Sergei Strokan commented in reformist business-oriented Kommersant (1/9):  "The first meeting between the Indian leader and Pakistani President Pervaiz Musharraf in the last two years has already been described as historical and paving the way to the normalization of relations between the two South Asian countries....  The main result of the meeting in New Delhi is believed to be the Pakistani leader's statement that his country would not be used for support of so-called transborder terrorism in Kashmir that has been divided between the two countries. Another important result is the agreement to resume top-level bilateral political dialogue, a new round of which will be held in February."


AUSTRIA:  “When Peace Hangs By A Thread”


Thomas Vieregge commented in centrist Die Presse (1/8):  “The Indian-Pakistani summit in Islamabad and the meeting of Pakistan’s President Pervez Musharraf and India’s Prime Minister A.B. Vajpayee might have created unrealistic expectations. Indeed, the two statesmen have come a long way, especially rebel General Musharraf, but they also have a long road still ahead of them. Whether they will go down in history as the peacemakers in the region, maybe even as Nobel peace prize winners, which is what 79-year old Vajpayee might be hoping for, is going to depend on many factors--for instance, on whether Pakistan will succeed in stemming extremism, and whether the Indian and Pakistani negotiators will be able to use what little time they have before the Indian parliamentary elections in the spring, which is also when the snow begins to melt in Kashmir. It remains to be seen whether the language of violence will not flare up again at that point, and whether the peace signals of winter can survive in this atmosphere.”


HUNGARY:  “In The Mountains”


Leading Hungarian-language Nepszabadsag editorialized (1/5):  "I don’t want to overstate it but if the leaders of two nuclear powers, India and Pakistan, have been able to sit down for negotiations then anybody else should be able to do the same. A consensus, or at least the clear indication of intent, is today the entry ticket to the international community.  And it is not the standpoint of the U.S. alone.  There isn’t a single country in the world today which would find a serious ally wanting to encourage a particular country’s impatient ambitions against others. If there is anything to lose today it is to seek permanent conflicts. Because for decades permanent conflicts brought money and horses....or, lacking that, at least weapons. But today it is the permanent conflicts that ‘turn off’ the taps.” India seriously feels its effects already. Pakistan, if fails to integrate [with the international community], it will not go very far either.  But the perspective is still different [viewed from] the mountains.”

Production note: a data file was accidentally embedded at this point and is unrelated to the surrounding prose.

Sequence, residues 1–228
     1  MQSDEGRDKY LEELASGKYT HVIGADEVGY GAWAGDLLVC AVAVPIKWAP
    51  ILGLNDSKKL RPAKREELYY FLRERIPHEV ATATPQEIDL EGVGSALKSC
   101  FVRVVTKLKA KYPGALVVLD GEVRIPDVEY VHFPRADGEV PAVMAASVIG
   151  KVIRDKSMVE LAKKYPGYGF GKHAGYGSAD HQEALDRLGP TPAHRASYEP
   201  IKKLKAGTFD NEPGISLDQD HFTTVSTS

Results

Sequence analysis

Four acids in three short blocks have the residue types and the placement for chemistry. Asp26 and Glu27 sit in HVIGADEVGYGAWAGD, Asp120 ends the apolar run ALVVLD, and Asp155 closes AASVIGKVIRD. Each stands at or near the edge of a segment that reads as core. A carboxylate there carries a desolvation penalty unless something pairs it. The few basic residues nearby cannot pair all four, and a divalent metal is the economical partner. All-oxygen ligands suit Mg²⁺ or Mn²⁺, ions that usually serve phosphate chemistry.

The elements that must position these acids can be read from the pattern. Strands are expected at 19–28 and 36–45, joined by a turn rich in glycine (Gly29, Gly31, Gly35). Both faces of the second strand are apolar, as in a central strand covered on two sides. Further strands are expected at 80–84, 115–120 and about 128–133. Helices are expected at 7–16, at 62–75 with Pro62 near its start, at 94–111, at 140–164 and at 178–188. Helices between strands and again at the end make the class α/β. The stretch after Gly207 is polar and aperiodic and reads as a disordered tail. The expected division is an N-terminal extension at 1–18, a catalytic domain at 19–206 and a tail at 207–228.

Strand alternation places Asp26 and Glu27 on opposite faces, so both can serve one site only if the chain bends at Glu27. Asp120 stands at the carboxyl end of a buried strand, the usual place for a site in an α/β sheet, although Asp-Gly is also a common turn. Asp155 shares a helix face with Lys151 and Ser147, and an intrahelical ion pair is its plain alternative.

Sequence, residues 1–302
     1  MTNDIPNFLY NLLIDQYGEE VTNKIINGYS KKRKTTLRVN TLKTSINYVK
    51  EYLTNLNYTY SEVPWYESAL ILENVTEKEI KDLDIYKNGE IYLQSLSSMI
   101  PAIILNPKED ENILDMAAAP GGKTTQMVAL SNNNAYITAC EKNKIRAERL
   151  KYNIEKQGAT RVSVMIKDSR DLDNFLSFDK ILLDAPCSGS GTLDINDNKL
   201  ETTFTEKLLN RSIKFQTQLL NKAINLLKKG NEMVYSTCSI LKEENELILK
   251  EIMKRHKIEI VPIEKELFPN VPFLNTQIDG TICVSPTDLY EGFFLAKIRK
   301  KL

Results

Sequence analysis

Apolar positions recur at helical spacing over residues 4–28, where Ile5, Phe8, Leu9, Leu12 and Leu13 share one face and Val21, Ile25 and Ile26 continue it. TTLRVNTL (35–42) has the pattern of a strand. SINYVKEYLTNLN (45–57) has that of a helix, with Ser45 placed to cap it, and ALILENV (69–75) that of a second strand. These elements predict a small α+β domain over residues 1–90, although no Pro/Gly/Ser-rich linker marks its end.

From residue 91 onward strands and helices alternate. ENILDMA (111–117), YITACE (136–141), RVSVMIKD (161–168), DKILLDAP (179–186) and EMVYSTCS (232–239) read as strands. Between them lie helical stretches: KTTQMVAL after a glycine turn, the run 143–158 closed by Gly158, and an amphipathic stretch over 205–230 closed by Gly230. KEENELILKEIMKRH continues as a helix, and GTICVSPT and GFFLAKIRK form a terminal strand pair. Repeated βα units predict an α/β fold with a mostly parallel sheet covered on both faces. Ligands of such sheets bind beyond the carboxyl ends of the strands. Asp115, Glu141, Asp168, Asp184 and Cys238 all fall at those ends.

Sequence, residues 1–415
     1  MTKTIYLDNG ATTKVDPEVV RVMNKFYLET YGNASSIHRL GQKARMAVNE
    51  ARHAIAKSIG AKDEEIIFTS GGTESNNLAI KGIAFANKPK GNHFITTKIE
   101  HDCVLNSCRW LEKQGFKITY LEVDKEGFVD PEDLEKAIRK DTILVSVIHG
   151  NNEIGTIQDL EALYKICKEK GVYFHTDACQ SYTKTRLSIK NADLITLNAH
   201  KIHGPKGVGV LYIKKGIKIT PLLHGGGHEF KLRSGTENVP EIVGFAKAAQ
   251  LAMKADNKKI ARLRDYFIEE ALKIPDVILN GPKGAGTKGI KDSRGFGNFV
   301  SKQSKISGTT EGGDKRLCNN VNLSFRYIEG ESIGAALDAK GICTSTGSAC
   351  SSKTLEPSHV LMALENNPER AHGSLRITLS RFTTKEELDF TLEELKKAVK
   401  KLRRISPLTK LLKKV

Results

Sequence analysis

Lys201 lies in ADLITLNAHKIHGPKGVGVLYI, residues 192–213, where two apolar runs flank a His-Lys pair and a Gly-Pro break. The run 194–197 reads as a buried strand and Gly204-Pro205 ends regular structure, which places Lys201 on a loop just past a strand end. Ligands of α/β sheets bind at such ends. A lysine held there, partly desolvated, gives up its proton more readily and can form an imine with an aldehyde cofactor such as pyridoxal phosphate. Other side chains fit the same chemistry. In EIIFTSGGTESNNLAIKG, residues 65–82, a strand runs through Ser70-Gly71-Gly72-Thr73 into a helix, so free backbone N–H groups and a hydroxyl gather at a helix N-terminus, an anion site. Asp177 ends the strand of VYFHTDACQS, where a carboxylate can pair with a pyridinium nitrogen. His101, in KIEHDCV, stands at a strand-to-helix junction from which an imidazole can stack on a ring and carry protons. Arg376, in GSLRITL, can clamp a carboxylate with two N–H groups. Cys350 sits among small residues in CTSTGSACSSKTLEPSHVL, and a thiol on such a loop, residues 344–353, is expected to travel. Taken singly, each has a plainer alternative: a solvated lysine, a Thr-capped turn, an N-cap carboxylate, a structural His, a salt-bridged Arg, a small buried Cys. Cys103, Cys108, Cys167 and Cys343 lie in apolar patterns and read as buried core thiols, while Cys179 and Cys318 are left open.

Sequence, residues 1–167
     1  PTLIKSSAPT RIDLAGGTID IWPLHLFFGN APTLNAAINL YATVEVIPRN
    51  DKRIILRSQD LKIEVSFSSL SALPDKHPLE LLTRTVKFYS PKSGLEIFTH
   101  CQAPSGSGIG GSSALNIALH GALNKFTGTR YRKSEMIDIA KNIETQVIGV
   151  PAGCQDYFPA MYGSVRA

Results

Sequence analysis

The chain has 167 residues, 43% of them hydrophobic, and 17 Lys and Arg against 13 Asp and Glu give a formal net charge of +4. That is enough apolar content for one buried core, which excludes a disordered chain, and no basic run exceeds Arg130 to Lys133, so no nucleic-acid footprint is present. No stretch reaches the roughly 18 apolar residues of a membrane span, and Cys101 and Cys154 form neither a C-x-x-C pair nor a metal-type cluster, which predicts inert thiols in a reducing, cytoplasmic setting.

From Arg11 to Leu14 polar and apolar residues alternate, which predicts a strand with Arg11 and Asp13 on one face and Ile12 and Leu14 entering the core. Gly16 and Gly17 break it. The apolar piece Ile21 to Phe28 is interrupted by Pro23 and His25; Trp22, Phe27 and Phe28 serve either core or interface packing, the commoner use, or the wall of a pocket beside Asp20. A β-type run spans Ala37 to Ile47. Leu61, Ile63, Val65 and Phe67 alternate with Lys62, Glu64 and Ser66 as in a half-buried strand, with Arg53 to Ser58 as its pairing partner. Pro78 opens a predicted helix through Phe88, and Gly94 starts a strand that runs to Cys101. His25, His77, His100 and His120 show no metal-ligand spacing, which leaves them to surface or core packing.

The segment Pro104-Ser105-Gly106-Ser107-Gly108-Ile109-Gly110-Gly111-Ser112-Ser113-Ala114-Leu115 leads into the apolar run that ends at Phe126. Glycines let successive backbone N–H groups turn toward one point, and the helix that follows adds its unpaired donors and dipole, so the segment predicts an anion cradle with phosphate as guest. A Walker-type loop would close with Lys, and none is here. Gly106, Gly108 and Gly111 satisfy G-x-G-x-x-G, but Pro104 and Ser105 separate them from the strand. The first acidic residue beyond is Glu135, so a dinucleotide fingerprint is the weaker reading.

IRELAND:  "India And Pakistan"


The center-left Irish Times commented (1/6):  "The meeting between Indian and Pakistani leaders yesterday in Islamabad can set the scene for a much greater commitment to build an effective peace process between the two states. Both the Indian prime minister...and the president of Pakistan, General Pervez Musharraf, made upbeat assessments of the encounter ahead of their meeting on the fringes of a south Asian summit meeting devoted mainly to economic co-operation. This is welcome indeed after the dangerous escalation of tension over Kashmir between the two nuclear-armed states in May and June 2002....  In recent weeks it has been announced that air, rail and bus links between the Indian and Pakistani administered parts of Kashmir are being reopened. These confidence-building measures feed into preliminary diplomatic contacts between the two states in which it is reported the Pakistanis are ready to drop their long-standing demand that a United Nations plebiscite be held on the political future of Kashmir. This summit will today agree to introduce a free trade area between the seven states involved from 2006, a wider umbrella for Indo-Pakistani economic co-operation. It is a potentially significant decision, given south Asia's rapid economic development....  The two men are engaged in a risky pirouette for reduced tension and a peace process. International encouragement is important for their venture--and it will continue to be necessary given the huge stakes involved."


PORTUGAL:  "Some Promising News"


Editor-in-Chief Jose Manuel Fernandes declared in influential moderate-left Público (1/7):  "The first was the success of the Loyal Jirga....  [T]he evolution was gigantic....  For the first time in the history of the country the government listened to the people and considered the proposed alterations to the project it was presenting....  The second was the announcement that India and Pakistan are going to discuss the question of Kashmir in the next month...instead of threatening each other....  The third is ... the first visit of a Syrian chief of state to Turkey....  All these signals seem to indicate that in the immense Islamic arc that goes from Morocco to Pakistan, things are changing.  Moving.  And that these evolutions are positive or promising.  Contrary to what so many prophets of doom and gloom predicted."


SPAIN:  "Indian-Pakistani Thaw"


Left-of-center El País opined (1/7):  "If all its does is prevent the Kashmir conflict from overheating, the Islamabad agreement will be a success....  What has been agreed is, as the protagonists have said, a starting point, not an end....  During these days, the U.S. has revealed that Pakistan helped Libya and North Korea on their respective nuclear programs.  More than a war for Kashmir, what today makes many strategists' hair stand on end is the possibility that....  Pakistan's nuclear arsenal could fall into the hands of a radical Islamist regime....  Musharraf is the lesser of two evils and is probably the only opportunity to channel the Kashmir dispute."